A female tiger swallowtail butterfly and two species of bee visit a cup plant (Silphium perfoliatum) at the WVBG.
Photo by Erin Smaldone
From hemlock and rhododendron forests, to natural wetlands, to cultivated gardens there is always something to see at the WVBG. The flora is rich in Appalachian native species and the fauna that make their home here are to be cherished. Of concern in recent years is the decline in many species of animals worldwide. Examples include fungus attacking amphibians with over 200 species of frogs becoming endangered, and observations that insect numbers may be in sharp decline. For insects, there is a growing awareness that we can do more to support key species, including butterflies and other pollinators, by enriching what we plant so that we support their health and abundance.
Steps we can take to help insects include planting more distinctive selections of plant nectar sources and larval host plants. For instance, monarch butterflies require milkweed (genus Asclepias) as a host plant for larvae development. More and more people are now planting milkweed for the monarchs, and the past year did show an increase in the overwintering population in Mexico after years of decline.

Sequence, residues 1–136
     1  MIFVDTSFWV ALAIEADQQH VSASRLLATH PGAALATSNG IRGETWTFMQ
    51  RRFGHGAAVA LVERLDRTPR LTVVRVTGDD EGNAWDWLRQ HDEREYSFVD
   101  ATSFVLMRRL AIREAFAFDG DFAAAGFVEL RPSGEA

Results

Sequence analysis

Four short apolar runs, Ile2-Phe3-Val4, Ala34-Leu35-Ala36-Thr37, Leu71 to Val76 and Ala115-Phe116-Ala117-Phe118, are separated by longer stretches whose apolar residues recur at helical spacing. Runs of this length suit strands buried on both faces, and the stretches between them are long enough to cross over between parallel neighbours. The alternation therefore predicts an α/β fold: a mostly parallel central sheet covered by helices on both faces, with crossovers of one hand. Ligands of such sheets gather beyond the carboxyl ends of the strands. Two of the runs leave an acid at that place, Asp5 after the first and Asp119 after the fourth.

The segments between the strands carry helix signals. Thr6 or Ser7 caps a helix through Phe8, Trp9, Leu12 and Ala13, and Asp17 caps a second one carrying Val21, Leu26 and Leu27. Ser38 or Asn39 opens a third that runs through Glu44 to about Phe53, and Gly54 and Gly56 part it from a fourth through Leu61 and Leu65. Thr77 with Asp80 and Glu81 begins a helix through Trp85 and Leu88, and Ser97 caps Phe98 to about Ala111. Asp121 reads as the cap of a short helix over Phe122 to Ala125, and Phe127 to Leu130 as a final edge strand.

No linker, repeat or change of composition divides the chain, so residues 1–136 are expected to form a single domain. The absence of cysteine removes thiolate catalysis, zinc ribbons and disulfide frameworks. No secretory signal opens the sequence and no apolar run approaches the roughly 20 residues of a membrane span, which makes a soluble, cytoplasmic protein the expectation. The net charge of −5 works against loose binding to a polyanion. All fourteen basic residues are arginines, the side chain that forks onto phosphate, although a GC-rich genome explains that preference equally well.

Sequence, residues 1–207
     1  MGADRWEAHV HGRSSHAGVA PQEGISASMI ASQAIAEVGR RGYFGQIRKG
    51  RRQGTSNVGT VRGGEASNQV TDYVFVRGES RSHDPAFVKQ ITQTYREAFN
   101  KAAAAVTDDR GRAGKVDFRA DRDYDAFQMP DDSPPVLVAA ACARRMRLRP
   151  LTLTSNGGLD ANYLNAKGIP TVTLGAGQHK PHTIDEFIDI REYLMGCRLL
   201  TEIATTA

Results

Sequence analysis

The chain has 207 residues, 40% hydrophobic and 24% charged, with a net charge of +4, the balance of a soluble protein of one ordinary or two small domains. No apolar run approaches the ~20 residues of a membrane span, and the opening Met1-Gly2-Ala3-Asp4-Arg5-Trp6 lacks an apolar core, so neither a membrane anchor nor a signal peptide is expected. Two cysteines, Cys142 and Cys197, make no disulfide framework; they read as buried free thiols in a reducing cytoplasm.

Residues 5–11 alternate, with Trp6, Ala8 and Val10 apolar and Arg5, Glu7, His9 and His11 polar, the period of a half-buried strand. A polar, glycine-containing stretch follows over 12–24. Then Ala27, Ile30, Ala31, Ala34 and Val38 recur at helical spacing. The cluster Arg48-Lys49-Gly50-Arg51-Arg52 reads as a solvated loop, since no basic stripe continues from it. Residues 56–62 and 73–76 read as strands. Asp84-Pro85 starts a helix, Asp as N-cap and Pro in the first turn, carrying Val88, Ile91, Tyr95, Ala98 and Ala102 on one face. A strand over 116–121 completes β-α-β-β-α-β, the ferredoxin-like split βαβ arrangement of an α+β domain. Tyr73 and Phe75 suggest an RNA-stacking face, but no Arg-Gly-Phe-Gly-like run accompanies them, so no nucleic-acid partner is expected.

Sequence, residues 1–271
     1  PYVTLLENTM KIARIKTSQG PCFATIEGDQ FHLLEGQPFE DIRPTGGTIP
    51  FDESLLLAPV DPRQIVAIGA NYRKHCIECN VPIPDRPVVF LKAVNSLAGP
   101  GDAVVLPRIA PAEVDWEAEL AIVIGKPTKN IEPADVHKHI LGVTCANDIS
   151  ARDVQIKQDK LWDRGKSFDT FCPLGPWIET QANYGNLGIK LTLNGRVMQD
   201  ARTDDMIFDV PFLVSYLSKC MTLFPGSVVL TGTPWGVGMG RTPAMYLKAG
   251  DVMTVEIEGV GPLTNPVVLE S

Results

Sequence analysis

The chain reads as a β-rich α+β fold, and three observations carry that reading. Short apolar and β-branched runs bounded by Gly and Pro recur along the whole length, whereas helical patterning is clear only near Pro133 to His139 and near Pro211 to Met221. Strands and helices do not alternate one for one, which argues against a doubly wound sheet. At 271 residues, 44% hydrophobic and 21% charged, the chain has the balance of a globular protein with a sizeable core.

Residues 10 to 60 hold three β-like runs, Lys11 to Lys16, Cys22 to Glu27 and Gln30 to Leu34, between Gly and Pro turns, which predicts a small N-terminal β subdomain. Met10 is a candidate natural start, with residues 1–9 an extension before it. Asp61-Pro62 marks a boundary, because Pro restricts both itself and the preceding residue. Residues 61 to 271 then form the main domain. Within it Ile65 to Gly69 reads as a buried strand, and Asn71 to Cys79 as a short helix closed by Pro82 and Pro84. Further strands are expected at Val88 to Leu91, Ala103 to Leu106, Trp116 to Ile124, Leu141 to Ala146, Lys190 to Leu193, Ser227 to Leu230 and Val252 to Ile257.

Spicebush swallowtails require plants in the Lauraceae family, which includes Spicebush (Lindera bezoin); Sassafras (Sassafras
albidum); and Tuliptree (Liriodendron tulipifera), all present at the WVBG. Another butterfly, the zebra swallowtail, requires
Pawpaw trees for its larval development and the Botanic Garden is looking to add a patch of Pawpaws soon.
Also under development is a pollinator garden in the meadow below the Yagle Garden. We have tilled the soil and have sown a diverse variety of wildflowers specifically designed to support butterflies, native bees, and hummingbirds (see www.kitchengardenseeds.com for habitat garden selections). This effort may take a season or two to be fully established, but please come out to the garden throughout the year to see not only the wonderful flora but also the abundant fauna that is supported by this rich habitat.
By: Dave Davis, WVBG Groundskeeper
originally published in our Summer 2019 Newsletter